Twenty years ago, a handsome young physician looked into a camera and spoke words he was not sure all Canadians were ready to hear.
“We’re going to be approaching this from a different point of view — a more human point of view,” Dr. Peter Jepson-Young said of HIV/AIDS.
“I’m going to be introducing you to someone with AIDS to help provide a name, a face, and an identity to this disease,” the Vancouver-based doctor famously explained.
“The person I’m going to introduce you to…is myself.”
Despite the initial fears and disapproval of his loved ones, Dr. Peter told audiences that he was struggling with HIV/AIDS at a time when many thought everyday interactions – like shaking hands – could lead to infection.
He also told them he was gay at a time when gay men were widely feared and demonized.
Far before the dawn of youtube confessionals, he showed Canadians that it was possible to talk about a poorly-understood disease openly and honestly.
“I am a doctor, but I’m also a patient.”
Filming the young doctor was David Paperny, who will be leading my advanced television course at the UBC School of Journalism this semester. He still remembers the project as one of the most important of his career.
In class yesterday, David told us that some viewers told Peter to “rot in hell” and cried out for the CBC to take him off the air. But, at the same time, something more powerful happened.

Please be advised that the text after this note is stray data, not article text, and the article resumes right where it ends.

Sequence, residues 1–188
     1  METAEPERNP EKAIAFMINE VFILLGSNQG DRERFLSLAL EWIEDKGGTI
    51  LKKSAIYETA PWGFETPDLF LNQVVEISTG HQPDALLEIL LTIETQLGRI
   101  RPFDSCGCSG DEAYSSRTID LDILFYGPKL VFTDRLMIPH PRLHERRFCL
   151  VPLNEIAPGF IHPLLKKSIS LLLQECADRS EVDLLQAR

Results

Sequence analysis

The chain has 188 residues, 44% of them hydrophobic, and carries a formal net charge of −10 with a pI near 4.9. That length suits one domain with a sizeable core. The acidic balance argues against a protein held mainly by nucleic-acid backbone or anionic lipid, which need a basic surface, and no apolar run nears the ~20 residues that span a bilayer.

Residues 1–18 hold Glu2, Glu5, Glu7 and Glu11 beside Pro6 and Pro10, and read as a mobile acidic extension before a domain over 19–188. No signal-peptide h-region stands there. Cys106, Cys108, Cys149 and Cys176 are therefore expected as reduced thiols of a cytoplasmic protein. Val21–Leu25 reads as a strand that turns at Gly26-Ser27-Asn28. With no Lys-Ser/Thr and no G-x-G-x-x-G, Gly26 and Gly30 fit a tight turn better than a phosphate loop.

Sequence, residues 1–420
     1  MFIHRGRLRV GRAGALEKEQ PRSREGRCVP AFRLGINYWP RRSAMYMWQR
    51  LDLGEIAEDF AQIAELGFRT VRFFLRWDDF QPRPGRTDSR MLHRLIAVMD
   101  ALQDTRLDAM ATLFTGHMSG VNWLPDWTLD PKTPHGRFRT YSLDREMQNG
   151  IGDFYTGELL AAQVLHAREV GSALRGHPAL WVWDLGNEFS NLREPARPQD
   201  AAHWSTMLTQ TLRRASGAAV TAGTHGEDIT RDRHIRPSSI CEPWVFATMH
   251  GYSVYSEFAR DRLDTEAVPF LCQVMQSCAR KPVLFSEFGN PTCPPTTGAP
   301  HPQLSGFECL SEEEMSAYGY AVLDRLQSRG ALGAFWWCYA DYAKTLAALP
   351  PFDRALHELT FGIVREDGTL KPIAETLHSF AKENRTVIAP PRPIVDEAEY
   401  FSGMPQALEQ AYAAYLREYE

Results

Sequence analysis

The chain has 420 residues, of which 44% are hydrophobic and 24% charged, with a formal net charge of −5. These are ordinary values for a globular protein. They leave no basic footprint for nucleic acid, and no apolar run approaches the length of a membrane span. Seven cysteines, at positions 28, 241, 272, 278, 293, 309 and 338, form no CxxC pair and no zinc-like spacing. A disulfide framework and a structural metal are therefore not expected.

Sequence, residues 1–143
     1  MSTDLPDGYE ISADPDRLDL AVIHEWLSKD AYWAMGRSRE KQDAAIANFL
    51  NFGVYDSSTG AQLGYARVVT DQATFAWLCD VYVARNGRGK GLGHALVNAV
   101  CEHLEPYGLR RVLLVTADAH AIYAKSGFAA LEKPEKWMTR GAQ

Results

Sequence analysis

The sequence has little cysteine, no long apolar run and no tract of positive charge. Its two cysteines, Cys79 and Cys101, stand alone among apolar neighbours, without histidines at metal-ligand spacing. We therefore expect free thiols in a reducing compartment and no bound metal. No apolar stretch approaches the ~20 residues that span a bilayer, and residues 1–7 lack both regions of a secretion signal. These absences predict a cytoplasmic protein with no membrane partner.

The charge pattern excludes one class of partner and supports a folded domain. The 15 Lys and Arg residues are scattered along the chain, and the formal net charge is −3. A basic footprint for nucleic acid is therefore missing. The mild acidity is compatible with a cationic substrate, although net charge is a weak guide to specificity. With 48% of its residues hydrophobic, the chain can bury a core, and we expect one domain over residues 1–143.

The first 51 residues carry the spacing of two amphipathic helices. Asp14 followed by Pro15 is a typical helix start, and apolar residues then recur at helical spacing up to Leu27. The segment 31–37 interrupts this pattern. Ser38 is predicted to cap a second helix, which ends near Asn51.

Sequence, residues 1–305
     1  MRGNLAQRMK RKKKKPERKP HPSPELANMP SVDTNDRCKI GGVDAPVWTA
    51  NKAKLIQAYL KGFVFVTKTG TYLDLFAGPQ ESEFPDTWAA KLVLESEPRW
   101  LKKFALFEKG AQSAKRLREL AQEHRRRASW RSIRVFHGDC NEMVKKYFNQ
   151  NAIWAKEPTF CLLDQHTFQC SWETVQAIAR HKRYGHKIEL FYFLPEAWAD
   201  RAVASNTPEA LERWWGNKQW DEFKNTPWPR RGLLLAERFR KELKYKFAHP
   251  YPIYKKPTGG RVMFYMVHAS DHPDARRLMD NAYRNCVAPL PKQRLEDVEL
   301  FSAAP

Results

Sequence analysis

Many Canadians were educated and inspired by the young man’s courage.
Although he was only supposed to tape a handful of shows, the Dr. Peter Diaries ended up chronicling about two years of the man’s life in 111 episodes. People grew familiar with him, and bore witness to his worsening condition. Many felt as though they knew him, or even loved him.
Before his death in 1992, the doctor set up the Dr. Peter AIDS Foundation, a non-profit organization that continues to care for people living with HIV/AIDS. His diary series was nominated for an Academy Award in 1994.
Twenty years later, the mayor of Vancouver has declared Sept. 3 – 10 Dr. Peter week, and the diarist is being remembered as a national hero. David is currently working on a new series of diaries that will allow a new generation to talk about how the disease affects their lives today.
But as we remember Dr. Peter, let’s not forget how much further we have to go.
• UBC Alumni screening of The Broadcast Tapes of Dr. Peter, Thursday Sept. 9 at 6 p.m. at the CBC Studios, 700 Hamilton St.
• 20th anniversary screening of The Broadcast Tapes of Dr. Peter, Friday Sept. 10 at 6 p.m. at the CBC Studios, 700 Hamilton St.
• Passions: A Benefit for the Dr. Peter AIDS Foundation, Sunday Sept. 19 from 6 p.m. to 9 p.m. at the Dr. Peter Centre, 1110 Comox St.